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Thread: Why are honesuki/garasuki so expensive?

  1. #1
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    Why are honesuki/garasuki so expensive?

    I've been looking at Japanese boning knives and noticed that honesuki and garasuki are pretty expensive. Obviously knives aren't sold by the inch or the ounce, but I'm curious. Is it because they are more difficult to forge and/or grind, or is it that they don't sell as many compared to something like a gyuto or santoku, or something else?

  2. #2
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    Lower Production quanity, Smiths are less familiar with them so they take longer to forge than say a 150mm petty, most are also using more complex bevels(mine is single bevel), lower production volume(most Japanese smiths are banging out large quantities of blades at a time and find a rhythm as they work). There are several decent offerings sub 100 dollars though, Japanese knife imports and Japanese chef knives both sell 75 dollar variants that people adore.
    La bonne cuisine est la base du véritable bonheur. -August Escoffier

  3. #3
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    Not sure where you're looking but Korin has several Honesuki offerings from Masamoto and Misono in the $150 and below range, JKI's stainless is under $100, and the GGinga is under $200. Garasuki is a little more knife, more steel, more labor and are priced a little higher. I don't think any are priced unreasonably. Custom makers may charge more of a premium (not sure).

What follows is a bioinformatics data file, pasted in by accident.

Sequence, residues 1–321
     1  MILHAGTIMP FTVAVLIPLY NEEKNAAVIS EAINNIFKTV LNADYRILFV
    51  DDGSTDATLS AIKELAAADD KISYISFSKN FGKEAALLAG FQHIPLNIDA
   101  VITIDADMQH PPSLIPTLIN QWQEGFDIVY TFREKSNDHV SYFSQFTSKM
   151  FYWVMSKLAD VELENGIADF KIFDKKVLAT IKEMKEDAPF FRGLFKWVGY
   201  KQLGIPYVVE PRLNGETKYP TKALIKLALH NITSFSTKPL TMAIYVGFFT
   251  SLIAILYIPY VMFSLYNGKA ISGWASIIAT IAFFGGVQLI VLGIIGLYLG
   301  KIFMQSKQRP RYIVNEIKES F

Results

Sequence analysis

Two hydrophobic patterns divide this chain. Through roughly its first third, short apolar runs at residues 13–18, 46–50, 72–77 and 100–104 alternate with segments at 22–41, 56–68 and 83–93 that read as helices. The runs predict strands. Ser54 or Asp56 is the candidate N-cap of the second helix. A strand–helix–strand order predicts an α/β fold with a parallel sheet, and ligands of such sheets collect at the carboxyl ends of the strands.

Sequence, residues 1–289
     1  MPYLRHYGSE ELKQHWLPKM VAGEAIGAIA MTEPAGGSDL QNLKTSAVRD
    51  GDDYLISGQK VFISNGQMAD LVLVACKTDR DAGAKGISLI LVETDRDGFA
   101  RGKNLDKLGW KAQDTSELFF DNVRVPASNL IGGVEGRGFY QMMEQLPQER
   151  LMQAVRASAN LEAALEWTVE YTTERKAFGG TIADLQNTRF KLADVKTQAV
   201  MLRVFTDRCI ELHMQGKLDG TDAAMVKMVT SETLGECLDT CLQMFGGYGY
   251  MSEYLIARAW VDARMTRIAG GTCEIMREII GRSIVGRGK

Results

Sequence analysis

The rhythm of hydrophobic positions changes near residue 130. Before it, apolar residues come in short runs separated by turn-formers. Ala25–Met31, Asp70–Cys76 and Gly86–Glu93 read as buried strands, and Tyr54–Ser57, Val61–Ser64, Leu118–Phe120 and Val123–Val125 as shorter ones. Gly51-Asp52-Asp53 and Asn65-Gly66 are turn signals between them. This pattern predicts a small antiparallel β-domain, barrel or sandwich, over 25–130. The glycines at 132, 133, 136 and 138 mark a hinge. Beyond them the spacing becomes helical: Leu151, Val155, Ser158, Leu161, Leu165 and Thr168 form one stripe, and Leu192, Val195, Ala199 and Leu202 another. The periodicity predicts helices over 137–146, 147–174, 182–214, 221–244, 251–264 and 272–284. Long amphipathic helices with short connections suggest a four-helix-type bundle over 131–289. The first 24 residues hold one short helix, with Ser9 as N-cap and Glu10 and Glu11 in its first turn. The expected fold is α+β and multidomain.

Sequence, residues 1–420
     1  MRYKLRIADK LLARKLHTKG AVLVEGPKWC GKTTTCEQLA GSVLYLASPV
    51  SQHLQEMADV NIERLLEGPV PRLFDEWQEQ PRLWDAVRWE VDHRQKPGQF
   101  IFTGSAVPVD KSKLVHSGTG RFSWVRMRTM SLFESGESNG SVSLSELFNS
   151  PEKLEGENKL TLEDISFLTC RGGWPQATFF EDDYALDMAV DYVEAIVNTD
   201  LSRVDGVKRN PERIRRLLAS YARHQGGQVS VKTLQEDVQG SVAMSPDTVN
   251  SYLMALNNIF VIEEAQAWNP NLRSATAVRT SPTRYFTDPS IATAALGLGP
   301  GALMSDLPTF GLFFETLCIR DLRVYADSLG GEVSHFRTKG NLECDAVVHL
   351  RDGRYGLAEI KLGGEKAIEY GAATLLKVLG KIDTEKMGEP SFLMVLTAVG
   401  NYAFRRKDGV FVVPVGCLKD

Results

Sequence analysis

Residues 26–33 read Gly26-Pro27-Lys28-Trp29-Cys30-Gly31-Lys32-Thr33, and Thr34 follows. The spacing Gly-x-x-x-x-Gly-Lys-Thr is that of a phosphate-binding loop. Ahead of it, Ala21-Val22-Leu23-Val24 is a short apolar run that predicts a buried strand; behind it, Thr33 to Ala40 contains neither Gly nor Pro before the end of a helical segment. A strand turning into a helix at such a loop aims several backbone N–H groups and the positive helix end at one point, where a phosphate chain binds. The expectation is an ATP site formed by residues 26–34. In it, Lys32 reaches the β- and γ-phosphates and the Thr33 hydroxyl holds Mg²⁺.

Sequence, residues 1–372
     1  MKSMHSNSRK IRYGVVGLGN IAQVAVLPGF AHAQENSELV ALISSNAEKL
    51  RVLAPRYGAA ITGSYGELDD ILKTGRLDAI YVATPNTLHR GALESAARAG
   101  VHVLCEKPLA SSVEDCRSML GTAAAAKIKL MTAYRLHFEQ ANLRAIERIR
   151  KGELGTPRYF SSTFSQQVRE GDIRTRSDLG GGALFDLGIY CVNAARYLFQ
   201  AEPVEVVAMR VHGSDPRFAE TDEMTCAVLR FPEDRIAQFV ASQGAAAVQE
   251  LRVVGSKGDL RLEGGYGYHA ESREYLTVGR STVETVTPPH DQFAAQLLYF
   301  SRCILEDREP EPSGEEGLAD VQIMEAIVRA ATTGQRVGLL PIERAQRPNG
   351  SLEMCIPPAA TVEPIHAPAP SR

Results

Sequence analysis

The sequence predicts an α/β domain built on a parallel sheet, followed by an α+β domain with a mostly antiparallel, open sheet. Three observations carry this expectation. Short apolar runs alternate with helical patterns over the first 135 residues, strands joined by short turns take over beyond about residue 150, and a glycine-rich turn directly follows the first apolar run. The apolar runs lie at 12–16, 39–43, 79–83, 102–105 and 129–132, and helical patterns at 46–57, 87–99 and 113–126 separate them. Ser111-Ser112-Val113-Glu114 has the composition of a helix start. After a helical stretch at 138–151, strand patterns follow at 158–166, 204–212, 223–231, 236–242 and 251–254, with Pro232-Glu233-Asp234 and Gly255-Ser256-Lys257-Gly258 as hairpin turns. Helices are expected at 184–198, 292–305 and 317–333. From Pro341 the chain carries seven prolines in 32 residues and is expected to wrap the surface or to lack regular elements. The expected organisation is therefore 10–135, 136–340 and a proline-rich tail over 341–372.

Older and wider..

  4. #4
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    I was more talking about how within a single line of knives, it seems that the price of the honesuki is frequently (but not always) closer to the price of the gyuto than the petty, and I've come across a few where the garasuki is 30mm longer but almost twice the price of the honesuki (although I've now seen some geometry shots showing garasuki as much thicker than honesuki). I figured it must be some combination of the factors Godslayer mentioned; also, I didn't consider that these are single bevel or close to it, so comparing to pettys (petties?) and gyuto might not be valid.

  5. #5
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    For the very reason you've mentioned, and the function of the knife (boning out chickens), I decided to get the Rinkaku SS from JKI. At $80, I'll run that knife through hell without a worry. If I chip it (which I haven't), I'm not mortified about chipping a $350 knife.

    This gives me more confidence to use the knife for what it is: a tool for a tough job.

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